How can purchasing teams implement a planned procurement strategy?
The end of the year marks budgetary conversations and reevaluations of existing workflows and practices, and supply chain management teams and CPOs are thinking about how they can improve existing processes while saving costs. Anders Lillevik, CEO and Founder of Focal Point, is actively working on the implementation of planned procurement to ease pain points and augment procurement. He explains to Procurement Magazine how that strategy can be implemented and the value it can bring.
The concept of planned procurement
What is planned procurement?
Planned procurement is the concept of proactively managing procurement efforts and looking ahead in the procurement process to more easily and effectively manage incoming activities such as contract renewals, funded projects, and more. This strategy of planned procurement enables procurement leaders and teams to more efficiently manage procurement efforts across the organization. By proactively managing the work procurement takes on, resources can be more efficiently allocated to support strategic projects and unplanned projects as they arise.
Why are procurement teams thinking about planned procurement this year, and how is it different from previous years?
The past year or two have marked an exceptionally turbulent period as we feel the repercussions of the recession. In addition, there are significantly higher process demands for procurement in the shape of regulations and social pressures including ESG. These things combined make procurement efforts longer to execute properly making planning the work even more important.
Tightening budgets due to the recession and economic instability have resulted in much more scrutiny when it comes to quarterly and annual expense discussions, emphasizing the importance of taking an aggressive approach to procurement. CPOs can use planned procurement to come to the table with a detailed account of all upcoming expenses and a timeline for said expenses, offering greater visibility into future purchasing decisions. Additionally, an increased reliance on SaaS subscriptions over the past several years means there are many more ongoing expenses to account for and procurement teams must be aware of and prepared to pay these out accordingly.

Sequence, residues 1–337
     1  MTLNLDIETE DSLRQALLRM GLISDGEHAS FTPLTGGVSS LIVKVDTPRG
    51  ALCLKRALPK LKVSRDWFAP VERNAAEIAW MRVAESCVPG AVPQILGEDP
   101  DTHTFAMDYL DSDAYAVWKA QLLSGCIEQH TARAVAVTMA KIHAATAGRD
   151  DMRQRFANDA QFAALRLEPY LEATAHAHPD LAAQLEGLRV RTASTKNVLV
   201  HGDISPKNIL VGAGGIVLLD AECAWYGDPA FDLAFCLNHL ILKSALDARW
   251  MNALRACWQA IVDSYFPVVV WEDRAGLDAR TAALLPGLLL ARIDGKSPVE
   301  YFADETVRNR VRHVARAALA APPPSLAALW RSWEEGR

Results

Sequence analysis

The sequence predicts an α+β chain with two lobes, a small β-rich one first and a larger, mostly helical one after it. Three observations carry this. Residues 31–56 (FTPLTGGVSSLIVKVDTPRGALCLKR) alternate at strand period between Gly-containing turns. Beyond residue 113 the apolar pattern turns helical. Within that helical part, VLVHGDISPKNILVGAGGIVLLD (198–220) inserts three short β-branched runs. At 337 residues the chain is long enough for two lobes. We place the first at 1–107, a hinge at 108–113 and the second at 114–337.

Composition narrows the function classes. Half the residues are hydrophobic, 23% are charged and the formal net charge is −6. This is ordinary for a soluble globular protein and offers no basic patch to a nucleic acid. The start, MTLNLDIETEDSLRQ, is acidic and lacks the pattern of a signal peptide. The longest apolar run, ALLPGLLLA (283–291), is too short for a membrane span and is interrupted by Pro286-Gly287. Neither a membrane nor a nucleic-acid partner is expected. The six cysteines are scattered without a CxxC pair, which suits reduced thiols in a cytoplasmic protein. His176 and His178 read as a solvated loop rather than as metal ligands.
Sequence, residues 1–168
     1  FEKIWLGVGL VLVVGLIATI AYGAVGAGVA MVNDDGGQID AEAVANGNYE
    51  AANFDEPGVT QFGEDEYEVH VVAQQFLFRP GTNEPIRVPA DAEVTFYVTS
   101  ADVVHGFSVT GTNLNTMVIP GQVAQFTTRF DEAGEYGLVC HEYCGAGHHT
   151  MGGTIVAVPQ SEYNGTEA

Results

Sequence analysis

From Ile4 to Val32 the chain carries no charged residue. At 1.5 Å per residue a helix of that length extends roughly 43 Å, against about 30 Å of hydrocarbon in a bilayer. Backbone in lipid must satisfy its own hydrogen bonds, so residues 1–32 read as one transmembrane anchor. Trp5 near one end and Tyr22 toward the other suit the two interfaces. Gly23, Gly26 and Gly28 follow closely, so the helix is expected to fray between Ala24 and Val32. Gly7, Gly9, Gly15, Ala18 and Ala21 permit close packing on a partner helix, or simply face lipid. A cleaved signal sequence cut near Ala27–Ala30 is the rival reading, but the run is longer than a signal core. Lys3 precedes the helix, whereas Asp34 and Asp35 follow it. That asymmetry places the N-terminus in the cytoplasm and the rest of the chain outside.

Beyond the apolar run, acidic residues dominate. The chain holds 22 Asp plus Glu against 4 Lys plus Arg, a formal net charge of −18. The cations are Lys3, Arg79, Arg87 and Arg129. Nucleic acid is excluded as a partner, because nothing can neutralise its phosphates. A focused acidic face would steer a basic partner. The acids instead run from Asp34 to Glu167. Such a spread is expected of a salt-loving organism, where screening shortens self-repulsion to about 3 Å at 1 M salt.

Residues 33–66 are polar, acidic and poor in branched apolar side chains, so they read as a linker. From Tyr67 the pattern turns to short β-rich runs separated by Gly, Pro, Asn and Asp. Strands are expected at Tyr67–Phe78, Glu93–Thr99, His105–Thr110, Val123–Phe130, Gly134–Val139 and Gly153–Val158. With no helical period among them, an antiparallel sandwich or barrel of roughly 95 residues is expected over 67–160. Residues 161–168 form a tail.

Furthermore, last year’s massive supply chain disruptions demonstrated the need for a more dedicated approach to managing suppliers and their supply chains. Procurement teams can leverage planned procurement methods to organize and analyze data on existing supplier relationships and the status of what is needed so they can more effectively manage backup suppliers and vendors in the situation of a disruption.
Technology in planned procurement
How can technology be leveraged to drive planned procurement efforts?
The key to leveraging planned procurement is to first begin with a digital procurement strategy. Planned procurement, and all procurement activities, can greatly benefit from the use of technology to better organize, manage, analyze and leverage supplier and supply data.
Planned procurement relies on a proactive approach to existing supply chain and future supply chain methods. Not only will it allow teams to have a better understanding of what is in play and what is coming down the pipeline, but it will also allow them to predict future situations and put parameters in place for similar scenarios in the future.
How can procurement teams begin to truly implement planned procurement?
Chief Procurement Officers and Supply Chain Managers can leverage planned procurement methods by first implementing digital procurement techniques and strategies. By having an organized and digital account of all suppliers, vendors, and processes, teams can more efficiently see where the holes are and what must be fulfilled.
Data organization is a first step, but is by no means the end of the road. The organization of data is only as good as a teams’ following analysis and action – essentially, how they are using this data organization to strategically spot blindspots and address blindspots. By having an efficient data analysis strategy in place, procurement teams can have greater visibility into all upcoming payments, specific vendors and regulations, and potential holes in the process – avoiding disruptions and mismanagement.
How will planned procurement help address future supply chain disruptions like the ones we saw last year?
Supply chain disruptions are almost inevitable when we consider the extreme range of suppliers all across the globe and various climate and financial impacts that are likely to impact the transfer of goods and services via planes, ships, trucking and more. Planned procurement becomes a need to have instead of a nice to have as we continue to see these events negatively impacting procurement and workflows across industries and organizations.
Prior to the use of planned procurement and digital procurement strategies, if a ship carrying all of an organizations’ products was unable to arrive at its destination or port, supply chain managers and teams would have to scramble in real time to either identify backup suppliers or attempt to do without said goods. However, with planned procurement successfully implemented, teams are able to take care of some of these issues ahead of time.
Through planned procurement, procurement teams can proactively find backup vendors and routes, allocate the correct resources efficiently and put a crisis plan in place ahead of the crisis – allowing teams to really focus on the most strategic approach to solving an issue when it happens as opposed to trying to move as fast as possible and likely leaving holes in the resulting journey.
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This article was originally published in Procurement Magazine.